It is well known that the Cavendish banana is resistant to Foc race 1 but is susceptible to Foc race 4. The mechanism underlying the difference in the pathogenicity to Cavendish banana between Foc race 1 and Foc race 4 is still ambiguous. To identify genes and signaling pathways involved in pathogenesis and explore molecular basis of the difference in virulence between two races, we analyzed the transcriptional responses of Foc1 and Foc4 using RNA-Seq. The data generated from Foc1 and Foc4 collected at vegetative stage was used as the control, and the time-point (48 hours post inoculation) was chosen to focus on the crucial pre-infection processes, including adhesion to roots, recognition of host and production of infectious mycelia.

After sequencing, ∼9.2 Gb and 6.4 Gb of sequence data for Foc1 and Foc4 were generated, respectively. 62.5 Mb (∼90.3% of 69.2 Mb) and 62.6 Mb reads (∼91% of 68.6 Mb) can be located on the genomes of Foc1 and Foc4, respectively. It was calculated that approximately 83.78% and 79.90% of genes in Foc1 were transcribed at vegetative stage and 48 h post inoculation, respectively, which were comparable with 86.06% and 81.08% of that in Foc4 (Table 1). Among these expressed genes, 2,101were significantly up regulated and 4,153 were markedly down regulated in Foc1, while 2,410 and 5,642 were significantly up- regulated and down-regulated in Foc4, respectively (Figure 4). To confirm the accuracy of the RNA-seq result, 15 Foc genes were chosen randomly for real time quantitative PCR (qPCR). These genes were involved in signaling, biosynthesis, metabolism and pathogenesis, or were hypothetical proteins, and included up and down regulated genes as well as unaffected genes. The qPCR results are generally consistent with the variation in transcript levels determined by RNA-seq, suggesting the reliability of the RNA-seq data (Table S12 in File S1).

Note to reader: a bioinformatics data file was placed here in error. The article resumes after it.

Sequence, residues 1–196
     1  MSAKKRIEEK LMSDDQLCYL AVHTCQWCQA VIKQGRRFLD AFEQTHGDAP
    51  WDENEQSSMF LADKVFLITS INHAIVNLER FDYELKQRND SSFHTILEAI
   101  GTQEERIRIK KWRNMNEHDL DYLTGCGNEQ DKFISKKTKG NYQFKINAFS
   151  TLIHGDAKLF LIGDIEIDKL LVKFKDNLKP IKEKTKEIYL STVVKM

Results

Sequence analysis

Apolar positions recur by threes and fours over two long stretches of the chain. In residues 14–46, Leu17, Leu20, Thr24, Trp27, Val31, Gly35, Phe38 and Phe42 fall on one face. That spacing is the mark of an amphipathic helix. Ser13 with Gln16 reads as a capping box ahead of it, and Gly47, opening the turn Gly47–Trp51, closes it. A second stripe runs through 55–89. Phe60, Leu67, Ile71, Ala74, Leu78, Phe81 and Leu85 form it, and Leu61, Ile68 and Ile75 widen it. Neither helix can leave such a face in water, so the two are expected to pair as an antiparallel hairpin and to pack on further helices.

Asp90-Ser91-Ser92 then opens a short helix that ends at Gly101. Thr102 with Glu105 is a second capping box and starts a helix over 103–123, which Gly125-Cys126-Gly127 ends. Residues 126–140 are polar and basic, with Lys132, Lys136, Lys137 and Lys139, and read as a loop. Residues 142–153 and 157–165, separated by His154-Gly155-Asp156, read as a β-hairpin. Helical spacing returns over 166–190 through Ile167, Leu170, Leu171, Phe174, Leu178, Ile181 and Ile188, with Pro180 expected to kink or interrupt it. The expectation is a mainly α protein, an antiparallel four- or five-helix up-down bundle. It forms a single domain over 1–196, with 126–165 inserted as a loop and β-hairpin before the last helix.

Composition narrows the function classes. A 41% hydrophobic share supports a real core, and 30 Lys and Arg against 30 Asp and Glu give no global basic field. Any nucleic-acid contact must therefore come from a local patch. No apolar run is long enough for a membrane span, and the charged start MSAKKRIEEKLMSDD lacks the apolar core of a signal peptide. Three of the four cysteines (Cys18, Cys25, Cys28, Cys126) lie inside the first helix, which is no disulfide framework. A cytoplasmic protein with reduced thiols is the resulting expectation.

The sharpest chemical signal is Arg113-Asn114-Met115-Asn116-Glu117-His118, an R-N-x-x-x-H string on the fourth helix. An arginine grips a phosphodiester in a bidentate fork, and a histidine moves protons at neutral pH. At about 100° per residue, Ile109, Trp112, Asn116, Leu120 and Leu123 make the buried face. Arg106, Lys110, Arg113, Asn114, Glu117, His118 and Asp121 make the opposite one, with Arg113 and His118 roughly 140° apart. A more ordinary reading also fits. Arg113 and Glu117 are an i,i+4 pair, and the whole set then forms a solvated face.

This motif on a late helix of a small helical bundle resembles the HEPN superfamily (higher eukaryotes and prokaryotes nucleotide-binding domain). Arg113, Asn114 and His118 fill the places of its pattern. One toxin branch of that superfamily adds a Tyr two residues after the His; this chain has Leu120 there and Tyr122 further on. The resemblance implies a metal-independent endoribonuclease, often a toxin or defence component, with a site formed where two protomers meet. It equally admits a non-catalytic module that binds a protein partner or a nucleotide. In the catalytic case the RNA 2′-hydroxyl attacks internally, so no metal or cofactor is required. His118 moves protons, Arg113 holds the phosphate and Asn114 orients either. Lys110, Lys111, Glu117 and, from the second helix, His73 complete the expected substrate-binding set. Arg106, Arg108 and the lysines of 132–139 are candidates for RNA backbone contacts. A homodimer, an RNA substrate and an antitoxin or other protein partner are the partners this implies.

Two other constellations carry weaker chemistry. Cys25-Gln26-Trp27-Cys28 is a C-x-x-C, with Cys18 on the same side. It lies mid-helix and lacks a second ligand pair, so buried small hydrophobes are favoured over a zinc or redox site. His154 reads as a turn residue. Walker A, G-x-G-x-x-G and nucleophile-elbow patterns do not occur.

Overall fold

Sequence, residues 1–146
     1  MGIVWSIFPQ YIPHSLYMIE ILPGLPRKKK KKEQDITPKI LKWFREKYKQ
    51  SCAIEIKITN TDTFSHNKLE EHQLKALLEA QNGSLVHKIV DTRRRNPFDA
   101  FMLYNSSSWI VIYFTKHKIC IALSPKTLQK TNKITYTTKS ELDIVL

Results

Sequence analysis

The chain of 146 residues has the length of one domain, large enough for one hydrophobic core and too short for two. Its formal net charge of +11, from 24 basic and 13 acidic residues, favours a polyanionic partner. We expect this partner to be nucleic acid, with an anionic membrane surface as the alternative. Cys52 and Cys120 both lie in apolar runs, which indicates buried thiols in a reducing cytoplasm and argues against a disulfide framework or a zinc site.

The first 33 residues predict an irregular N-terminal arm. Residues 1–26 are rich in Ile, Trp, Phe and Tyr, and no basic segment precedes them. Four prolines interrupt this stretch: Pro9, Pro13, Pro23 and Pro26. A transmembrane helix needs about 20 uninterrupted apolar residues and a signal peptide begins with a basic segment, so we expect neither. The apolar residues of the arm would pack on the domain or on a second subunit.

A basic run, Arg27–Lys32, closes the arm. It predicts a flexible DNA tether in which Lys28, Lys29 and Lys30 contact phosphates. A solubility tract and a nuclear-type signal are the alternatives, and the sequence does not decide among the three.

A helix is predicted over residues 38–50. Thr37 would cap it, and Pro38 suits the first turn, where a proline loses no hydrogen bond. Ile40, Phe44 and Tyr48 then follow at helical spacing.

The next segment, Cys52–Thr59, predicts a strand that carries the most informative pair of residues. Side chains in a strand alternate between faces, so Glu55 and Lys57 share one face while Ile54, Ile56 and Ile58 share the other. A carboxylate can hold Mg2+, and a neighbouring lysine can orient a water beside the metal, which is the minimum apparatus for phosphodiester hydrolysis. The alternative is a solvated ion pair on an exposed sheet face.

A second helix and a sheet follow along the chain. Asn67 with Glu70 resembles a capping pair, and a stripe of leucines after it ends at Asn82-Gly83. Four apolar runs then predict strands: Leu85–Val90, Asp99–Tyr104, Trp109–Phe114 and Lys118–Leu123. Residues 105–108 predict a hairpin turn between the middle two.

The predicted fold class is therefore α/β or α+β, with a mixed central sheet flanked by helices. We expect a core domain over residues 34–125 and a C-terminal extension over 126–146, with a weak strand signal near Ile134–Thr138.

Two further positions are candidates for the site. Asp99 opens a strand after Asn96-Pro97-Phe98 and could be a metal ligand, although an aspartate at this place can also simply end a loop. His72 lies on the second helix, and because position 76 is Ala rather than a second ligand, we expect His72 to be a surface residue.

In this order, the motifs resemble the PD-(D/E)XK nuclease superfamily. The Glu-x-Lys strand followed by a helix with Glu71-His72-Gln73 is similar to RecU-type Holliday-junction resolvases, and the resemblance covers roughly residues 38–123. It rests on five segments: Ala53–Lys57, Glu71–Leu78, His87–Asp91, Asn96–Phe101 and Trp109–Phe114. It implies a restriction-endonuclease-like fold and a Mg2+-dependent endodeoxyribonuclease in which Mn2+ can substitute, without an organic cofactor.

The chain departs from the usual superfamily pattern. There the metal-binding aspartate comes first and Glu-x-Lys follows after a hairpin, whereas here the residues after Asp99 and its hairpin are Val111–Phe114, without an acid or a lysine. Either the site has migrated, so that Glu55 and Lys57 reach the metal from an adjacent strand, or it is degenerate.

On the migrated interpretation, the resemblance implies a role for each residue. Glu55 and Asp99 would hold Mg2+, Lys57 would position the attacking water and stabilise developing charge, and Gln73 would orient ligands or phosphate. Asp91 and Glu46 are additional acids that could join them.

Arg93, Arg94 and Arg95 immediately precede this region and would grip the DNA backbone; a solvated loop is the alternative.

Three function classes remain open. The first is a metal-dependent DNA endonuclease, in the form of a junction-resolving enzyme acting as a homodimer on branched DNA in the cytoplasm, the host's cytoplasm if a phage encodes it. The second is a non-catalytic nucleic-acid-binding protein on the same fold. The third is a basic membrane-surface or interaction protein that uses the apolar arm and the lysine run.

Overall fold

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Figure 4. Differential gene expression by Fusarium oxysporum f. sp. cubense race 1 (Foc1) and race 4 (Foc4) at 48 h post inoculation to the banana ‘Brzail’.

Genes differentially expressed by Fusarium oxysporum f. sp. cubense race 1 (A) and race4 (B) at 48 h post inoculation to the banana ‘Brzail’ (48 h) relative to those at vegetative growth stage (0 h). The figures in parentheses are the number of genes significantly up- or down-regulated by each fungus.

https://doi.org/10.1371/journal.pone.0095543.g004

To provide a general view on the functions and processes that change in Foc1 and Foc4 at 48 h post inoculation to ‘Brazil’ banana, all the differentially expressed genes were classified into different functional categories. Up-regulated genes annotated in Gene Ontology (GO) for Foc1 could be only enriched into 2 functional groups “protein binding” and “chromatin binding”, while down-regulated genes in Foc1 were enriched into 23 groups on GO.level2 and GO.level3 (Figure 5, Table S13 in File S1). The most common categories for the down-regulated genes were “cellular process” and “cell part”, followed by “primary metabolic process”, “cellular metabolic process”, “intracellular” and “macromolecule metabolic process” (Table S13 in File S1). By contrast, up regulated genes annotated in GO for Foc4 could be enriched into 18 functional groups, including 9 in biological process, 4 in cellular component, 5 in molecular functions (Figure 6). Within biological process, “cellular process” (GO:0009987) with 661 genes, “nitrogen compound metabolic process” (GO:0006807) with 215 genes, “biosynthetic process” (GO:0009058) with 213 genes and “transport” with 210 genes were predominant. In the category of cellular component, the four groups were “membrane” (GO:0016020), “cell part” (GO:0044464), “integral to membrane” (GO:0016021) and “membrane part” (GO:0044425). Meanwhile, down-regulated genes annotated in GO were grouped into 11 groups on GO.level2 and GO.level3. The most frequently represented categories were “catalytic activity” and “metabolic process”, followed by “primary metabolic process”, “cellular metabolic process”, “nitrogen compound metabolic process” and “biosynthetic process” (Table S14 in File S1).

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Figure 5. Gene Ontology (GO) functional annotation of differentially expressed genes (DEGs) in Fusarium oxysporum f. sp. cubense race 1 (Foc1).

(A) Up-regulated genes in Foc1 could be only enriched into 2 groups. (B) Down-regulated genes in Foc1 could be enriched into three main GO categories and 23 groups on GO.level2 and GO.level3, 10 groups in biological process, 8 in cellular component, and 4 in molecular function. The X- axis represents the number of genes in a functional group.

https://doi.org/10.1371/journal.pone.0095543.g005